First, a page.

“It is clear from the report, and the evidence provided to the sub-committee by Mr Penman, that the chief executive and the chair of the SPA have a chaotic relationship. There are clearly issues around the capacity of the chief executive.

“The Cabinet Secretary for Justice must take urgent action following this report to ensure that there is public confidence in the Scottish Police Authority and to enable it to perform its vital function effectively.”

Meanwhile the Scottish Conservatives have called on the Scottish Government to be stripped of the right to appoint the chair of the SPA.

They would like the next chair to be publicly appointed, in a similar way to the Scottish public services ombudsman, by a cross-party panel of MSPs chaired by the presiding officer.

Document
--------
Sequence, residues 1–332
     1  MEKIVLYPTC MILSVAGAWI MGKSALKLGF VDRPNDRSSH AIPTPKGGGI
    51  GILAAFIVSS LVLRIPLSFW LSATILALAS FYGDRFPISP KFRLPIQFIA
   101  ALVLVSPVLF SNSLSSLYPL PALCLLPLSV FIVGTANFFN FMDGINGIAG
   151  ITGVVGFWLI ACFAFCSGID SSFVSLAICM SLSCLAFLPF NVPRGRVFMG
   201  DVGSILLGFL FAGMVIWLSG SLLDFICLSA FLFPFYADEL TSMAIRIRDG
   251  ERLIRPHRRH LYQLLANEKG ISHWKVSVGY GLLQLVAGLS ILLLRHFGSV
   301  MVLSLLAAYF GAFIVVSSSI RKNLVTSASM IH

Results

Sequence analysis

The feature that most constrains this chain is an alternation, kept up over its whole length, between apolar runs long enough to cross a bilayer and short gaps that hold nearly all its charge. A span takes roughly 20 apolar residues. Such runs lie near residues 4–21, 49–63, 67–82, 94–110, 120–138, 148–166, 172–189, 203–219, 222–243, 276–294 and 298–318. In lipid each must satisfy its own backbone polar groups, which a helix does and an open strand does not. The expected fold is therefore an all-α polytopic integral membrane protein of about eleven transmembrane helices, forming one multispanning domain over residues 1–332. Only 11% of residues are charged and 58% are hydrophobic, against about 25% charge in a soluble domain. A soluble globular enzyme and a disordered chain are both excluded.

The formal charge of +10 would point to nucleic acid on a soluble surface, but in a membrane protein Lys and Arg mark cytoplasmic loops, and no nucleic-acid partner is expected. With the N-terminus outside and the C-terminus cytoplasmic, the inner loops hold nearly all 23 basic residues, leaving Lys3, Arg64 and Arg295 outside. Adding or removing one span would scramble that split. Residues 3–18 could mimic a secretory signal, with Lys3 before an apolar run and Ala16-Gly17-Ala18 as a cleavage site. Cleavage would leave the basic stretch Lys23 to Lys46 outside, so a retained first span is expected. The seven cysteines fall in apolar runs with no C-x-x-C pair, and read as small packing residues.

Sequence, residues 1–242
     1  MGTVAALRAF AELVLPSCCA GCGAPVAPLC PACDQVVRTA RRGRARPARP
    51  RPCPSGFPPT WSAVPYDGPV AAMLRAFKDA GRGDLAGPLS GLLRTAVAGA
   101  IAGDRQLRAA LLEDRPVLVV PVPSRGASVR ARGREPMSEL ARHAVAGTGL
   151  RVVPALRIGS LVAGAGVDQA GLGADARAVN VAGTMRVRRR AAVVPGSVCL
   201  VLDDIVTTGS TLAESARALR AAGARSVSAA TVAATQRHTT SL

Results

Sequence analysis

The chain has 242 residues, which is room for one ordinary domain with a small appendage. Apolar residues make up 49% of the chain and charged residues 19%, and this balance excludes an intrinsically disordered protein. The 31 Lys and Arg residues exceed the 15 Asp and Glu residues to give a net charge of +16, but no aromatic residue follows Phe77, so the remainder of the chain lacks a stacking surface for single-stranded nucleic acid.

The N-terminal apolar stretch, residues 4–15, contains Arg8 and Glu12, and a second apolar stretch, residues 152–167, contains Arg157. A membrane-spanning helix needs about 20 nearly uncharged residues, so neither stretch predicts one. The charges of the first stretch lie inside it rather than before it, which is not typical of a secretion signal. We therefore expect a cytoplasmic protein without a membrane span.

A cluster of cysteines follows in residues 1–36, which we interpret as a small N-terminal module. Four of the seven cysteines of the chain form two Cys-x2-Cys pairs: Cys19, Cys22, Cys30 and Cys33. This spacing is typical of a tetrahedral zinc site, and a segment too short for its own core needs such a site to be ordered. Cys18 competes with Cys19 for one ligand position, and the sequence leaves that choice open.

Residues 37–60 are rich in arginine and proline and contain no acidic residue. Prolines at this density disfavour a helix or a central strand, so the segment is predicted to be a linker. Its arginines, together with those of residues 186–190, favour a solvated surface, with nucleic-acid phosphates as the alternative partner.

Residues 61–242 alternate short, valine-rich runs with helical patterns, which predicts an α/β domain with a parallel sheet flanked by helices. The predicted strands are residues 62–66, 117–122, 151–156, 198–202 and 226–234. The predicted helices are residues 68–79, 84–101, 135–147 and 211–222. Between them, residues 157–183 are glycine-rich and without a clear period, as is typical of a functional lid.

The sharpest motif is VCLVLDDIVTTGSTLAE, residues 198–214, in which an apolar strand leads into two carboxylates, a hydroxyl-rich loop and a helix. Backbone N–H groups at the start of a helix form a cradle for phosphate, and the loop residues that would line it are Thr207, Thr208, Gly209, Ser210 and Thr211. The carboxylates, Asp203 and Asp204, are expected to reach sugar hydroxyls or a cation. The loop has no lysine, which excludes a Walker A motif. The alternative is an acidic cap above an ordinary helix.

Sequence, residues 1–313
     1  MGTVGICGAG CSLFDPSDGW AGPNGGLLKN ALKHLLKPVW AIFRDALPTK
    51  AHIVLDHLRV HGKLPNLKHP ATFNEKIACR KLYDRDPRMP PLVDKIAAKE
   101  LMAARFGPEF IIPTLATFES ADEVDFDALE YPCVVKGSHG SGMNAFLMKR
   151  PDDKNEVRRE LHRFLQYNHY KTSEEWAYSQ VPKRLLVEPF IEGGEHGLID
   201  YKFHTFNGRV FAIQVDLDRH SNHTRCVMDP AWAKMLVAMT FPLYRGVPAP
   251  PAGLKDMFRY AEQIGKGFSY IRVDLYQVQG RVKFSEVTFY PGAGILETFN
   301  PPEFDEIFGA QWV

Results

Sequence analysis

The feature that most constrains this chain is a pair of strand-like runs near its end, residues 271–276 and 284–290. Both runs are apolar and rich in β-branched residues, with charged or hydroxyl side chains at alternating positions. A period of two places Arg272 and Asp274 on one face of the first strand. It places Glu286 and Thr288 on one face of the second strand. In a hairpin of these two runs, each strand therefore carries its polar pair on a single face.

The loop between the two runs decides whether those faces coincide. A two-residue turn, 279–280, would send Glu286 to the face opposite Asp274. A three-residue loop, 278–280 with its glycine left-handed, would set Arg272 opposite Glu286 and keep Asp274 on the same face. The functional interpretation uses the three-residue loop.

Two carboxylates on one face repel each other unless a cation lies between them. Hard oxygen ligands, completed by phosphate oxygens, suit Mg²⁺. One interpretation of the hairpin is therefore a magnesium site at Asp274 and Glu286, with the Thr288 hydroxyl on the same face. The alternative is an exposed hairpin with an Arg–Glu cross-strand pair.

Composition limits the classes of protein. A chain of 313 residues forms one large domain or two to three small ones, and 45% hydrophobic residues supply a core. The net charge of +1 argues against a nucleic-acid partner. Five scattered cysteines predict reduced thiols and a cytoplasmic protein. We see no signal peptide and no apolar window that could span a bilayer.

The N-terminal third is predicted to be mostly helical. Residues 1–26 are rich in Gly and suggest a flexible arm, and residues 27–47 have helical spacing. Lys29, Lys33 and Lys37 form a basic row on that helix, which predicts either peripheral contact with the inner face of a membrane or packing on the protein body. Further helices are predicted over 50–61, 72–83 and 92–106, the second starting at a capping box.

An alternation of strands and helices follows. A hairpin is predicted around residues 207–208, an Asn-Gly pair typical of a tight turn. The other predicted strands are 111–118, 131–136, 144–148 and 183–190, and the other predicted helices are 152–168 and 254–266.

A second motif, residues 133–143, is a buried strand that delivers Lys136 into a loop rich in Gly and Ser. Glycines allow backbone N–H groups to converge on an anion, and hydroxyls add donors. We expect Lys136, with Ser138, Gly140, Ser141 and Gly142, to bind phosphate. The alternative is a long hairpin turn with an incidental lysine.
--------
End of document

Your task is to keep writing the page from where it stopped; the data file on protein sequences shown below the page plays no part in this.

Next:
Speaking in the policing sub-committee meeting, Scottish Conservative MSP Margaret Mitchell, convener of the Scottish Parliament Justice Committee, said: “We are now on to our third SPA chair in just over four years.

“It’s self-evident that the previous chairs have lacked the necessary skills and experience, on issues like handling the media, to justify their appointment.

“Coupled with this, there has always been a concern about their independence, given they owe their appointment to the Scottish ministers of the day.

“It’s now time to review the appointment by ministers and consider appointing the SPA chair in an open and transparent manner.”

The HMICS report was published this week following concerns raised about transparency and governance of the SPA, and in particular treatment of former board member Moi Ali.

The report by HM Chief Inspector of Constabulary Derek Penman acknowledge there had been positive signs of improvement over the last 18 months.

However, it criticised the decision to hold some SPA committee meetings in private, the agreement of a new governance strategy without sufficient engagement with stakeholders and shortcomings in the senior management and chief executive.

Justice secretary Michael Matheson has already announced a review of the support given to the SPA board in light of the ongoing issues.